If the air-permeability of the two foils 3, 4 is attained through the welding seams, these seams, as shown in FIG. 5, should not be arranged directly above one another, so that the air cannot directly flow from the inner foil through the outer foil. As may be gathered from FIG. 5, the vertical and horizontal welding scams 9, in the outer foil 3, are arranged off set relative to the vertical and horizontal welding seams 11, 12 in the inner foil 4, so that also the points of intersection I3, 14 of the individual welding seams show a corresponding lateral spacing from each other, thus providing for the circulation of air similarly as in the embodiment shown in FIG. 2. Thus it is possible in this manner to at first laterally deflect the air entering into the space through the inner foils 4 and to guide it along in the space before it diffuses through the outer foil 3 at the next-following welding seams.
FIG. 3 shows the off set arrangement of the welding seams of the outer foil and the inner foil at 25 and 26, from which it follows that also in such cases in which the outer foil is urged against the inner foil in the region of the network of ropes, the air from the hall cannot directly flow through the welding seams of the foils disposed above one another.
The novel inflatable hall thus is primarily characterized by good heat insulation in the cold season and, moreover, makes possible better cooling of the hall, upon a particular design of the two foils, in the warm season by ventilation of the space between the foils.
The outside air blown into the space between the foils via opening 22 e.g. with the aid of a second blower-pressure pipe may be utilized, as may be gathered from FIG. 6, not only for maintaining the spacing that is provided between both foils, but may also be utilized for controlling the spacing, and, furthermore, for tempering the air provided in the space between the foils.
It is necessary to temper said air in particular in a case where the outer foil is made up of a material aiding in heating the air cushion disposed in the space between the foils primarily in the case of much sunlight in summer. In this case, the temperatures within the inner space of the hall also rise to intolerable values. In winter, on the other hand, it may be desired to heat the space between the foils so as to remove snow and ice from the outer surface of the hall.
Therefore, it has turned out to be of advantage to cool the air stream produced by the blower which as indicated above includes means for cooling the air and to blow cooled air to the inside of the hall, with the inner foil, which in many cases is provided with an air outlet opening that is adapted to be closed and leads directly to the open, being tightly closed while simultaneously an air stream is blown into the space between the foils, which air stream is of a temperature that corresponds to the outside temperature. The cooling means may be arranged outside of but also within the hall, with in the latter case the blower arrangement operating according to the recirculating air method, which means that the air provided in the hall is constantly guided through the cooling means and replaces only the relatively small amount of air which is lost by possible non-tightness of the hall structure by suckingin air from outside.
The blower 20 as indicated above also includes heating means which can be employed for heating the sucked-in outside air, or, respectively, the circulating air, when the temperatures outside in the winter time require heating of the air in the hall. However, also in this case air from outside is usually blown into the space between the foils, to wit primarily to save costs, since the outside air that is blown in escapes to the outside again after a short period of time through the vent slab provided in the outer covering.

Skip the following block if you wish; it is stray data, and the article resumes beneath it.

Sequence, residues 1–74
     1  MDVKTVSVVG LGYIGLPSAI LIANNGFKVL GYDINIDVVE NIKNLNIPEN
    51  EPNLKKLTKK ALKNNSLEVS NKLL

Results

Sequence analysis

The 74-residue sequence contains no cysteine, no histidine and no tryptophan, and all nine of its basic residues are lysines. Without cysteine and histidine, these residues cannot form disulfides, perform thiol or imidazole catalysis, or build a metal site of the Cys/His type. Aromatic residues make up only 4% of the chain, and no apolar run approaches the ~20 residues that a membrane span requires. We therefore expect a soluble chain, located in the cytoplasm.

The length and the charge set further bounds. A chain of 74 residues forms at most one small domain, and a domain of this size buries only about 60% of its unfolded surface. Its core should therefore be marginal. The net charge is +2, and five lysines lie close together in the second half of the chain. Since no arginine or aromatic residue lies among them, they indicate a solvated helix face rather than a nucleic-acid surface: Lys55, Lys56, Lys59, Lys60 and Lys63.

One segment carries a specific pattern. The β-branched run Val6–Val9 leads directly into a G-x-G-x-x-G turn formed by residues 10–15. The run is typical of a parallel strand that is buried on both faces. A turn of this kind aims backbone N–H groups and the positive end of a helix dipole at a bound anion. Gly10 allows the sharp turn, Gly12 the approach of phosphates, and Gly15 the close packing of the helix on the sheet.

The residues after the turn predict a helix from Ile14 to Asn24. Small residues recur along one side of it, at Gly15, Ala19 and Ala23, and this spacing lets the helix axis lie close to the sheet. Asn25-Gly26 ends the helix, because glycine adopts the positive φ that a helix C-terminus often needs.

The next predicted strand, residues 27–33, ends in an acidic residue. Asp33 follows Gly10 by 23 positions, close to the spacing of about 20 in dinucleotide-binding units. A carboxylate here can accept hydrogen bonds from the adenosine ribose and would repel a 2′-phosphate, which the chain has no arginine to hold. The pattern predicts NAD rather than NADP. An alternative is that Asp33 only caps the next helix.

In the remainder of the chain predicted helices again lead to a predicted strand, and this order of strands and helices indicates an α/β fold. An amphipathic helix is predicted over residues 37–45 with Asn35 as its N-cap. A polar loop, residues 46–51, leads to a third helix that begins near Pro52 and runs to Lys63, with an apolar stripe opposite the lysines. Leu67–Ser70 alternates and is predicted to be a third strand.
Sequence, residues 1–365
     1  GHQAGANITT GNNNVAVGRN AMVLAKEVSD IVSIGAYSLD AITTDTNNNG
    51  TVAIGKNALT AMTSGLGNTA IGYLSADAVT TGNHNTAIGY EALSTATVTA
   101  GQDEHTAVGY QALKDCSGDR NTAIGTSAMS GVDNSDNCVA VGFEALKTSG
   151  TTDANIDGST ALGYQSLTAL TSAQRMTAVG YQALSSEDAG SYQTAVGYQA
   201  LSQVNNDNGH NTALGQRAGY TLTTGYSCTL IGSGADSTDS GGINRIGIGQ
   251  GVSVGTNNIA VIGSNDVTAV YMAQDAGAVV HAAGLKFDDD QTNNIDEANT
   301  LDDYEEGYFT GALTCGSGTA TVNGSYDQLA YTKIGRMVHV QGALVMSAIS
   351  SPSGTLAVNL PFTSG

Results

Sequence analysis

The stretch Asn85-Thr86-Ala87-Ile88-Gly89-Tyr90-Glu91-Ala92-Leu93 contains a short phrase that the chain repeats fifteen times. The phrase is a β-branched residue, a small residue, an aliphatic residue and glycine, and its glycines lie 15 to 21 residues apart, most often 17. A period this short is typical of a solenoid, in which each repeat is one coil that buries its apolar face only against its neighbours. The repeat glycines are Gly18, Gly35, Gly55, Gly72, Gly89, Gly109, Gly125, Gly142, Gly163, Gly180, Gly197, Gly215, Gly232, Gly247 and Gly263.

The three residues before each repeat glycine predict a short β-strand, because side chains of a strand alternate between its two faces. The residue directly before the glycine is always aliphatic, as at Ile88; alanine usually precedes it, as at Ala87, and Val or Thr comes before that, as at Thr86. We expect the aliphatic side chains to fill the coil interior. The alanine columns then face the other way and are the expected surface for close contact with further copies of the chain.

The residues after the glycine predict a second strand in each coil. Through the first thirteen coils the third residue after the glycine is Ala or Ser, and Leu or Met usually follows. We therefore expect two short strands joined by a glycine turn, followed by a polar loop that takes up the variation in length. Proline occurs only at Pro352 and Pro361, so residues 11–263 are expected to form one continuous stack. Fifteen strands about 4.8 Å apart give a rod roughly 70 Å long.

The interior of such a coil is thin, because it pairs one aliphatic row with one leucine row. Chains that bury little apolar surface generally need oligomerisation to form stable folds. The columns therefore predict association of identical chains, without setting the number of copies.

This application is intended to cover variations, uses, or adaptations of the invention following, in general, the principles of the invention and including such departures from the present disclosure as come within known or customary practice in the art to which the invention pertains, and as fall within the scope of the invention or the limits of the appended claims.
What is claimed is:
1. An inflatable hall comprising a covering anchored in the ground, blower means maintaining said covering under inside positive air pressure to provide an air filled al p waid s eriaabsirig IQQQ? up o n n outer foil and an inner foil, said foils disposed above one another, a supporting network of ropes extending in crisscross fashion and engaging the outer surface of the outer foil to urge it toward the inner foil and to form a plurality of pockets between the inner and outer foils and means communicating said pockets through said inner foil with said air filled hall space.
2. The inflatable hall as defined in claim 1 and in which said foils comprise individual webs of material being airpermeable at the welding seams, said welding seams of said inner foil comprising said communication means, the welding seams in said outer foil and the welding seams in the inner foil being arranged in a lat- 5. An inflatable hall as defined in claim 1 and in which said foils are sealed from each other at the ground by sealing means and said blower means is operable to blow air from inside the hall into the space between said foils through said sealing means.
6. An inflatable hall as defined in claim 5 and in which the sealing means of both of the foils comprise a common ground seal.
UNITED STATES PATENT OFFICE CERTIFICATE OF CORRECTION Patent No 3 I D t d October y I Inventor(s) Vladimir Kranz It is certified that error appears in the above-identified patent and that said Letters Patentare hereby corrected as shown below:
Col. 1, line 31, after "means delete "a" and I insert --not only-- 1 line 32 after "also" delete "not only".
Signed and sealed this 14th day of January 1975.
McCOY M. GIBSON JR. Attesting Officer C. MARSHALL DANN Commissioner of Patents FORM 504050 (10459) uscoMM-oc 60376-P69 w .5. GOVERNMENT PRNTING OFFICE Z 19. O356'33|.
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|International Classification||E04H15/20, E04H15/22|
|Cooperative Classification||E04H15/20, E04H2015/209, E04H2015/204, E04H15/22, E04H2015/203, E04H2015/206|
|European Classification||E04H15/20, E04H15/22|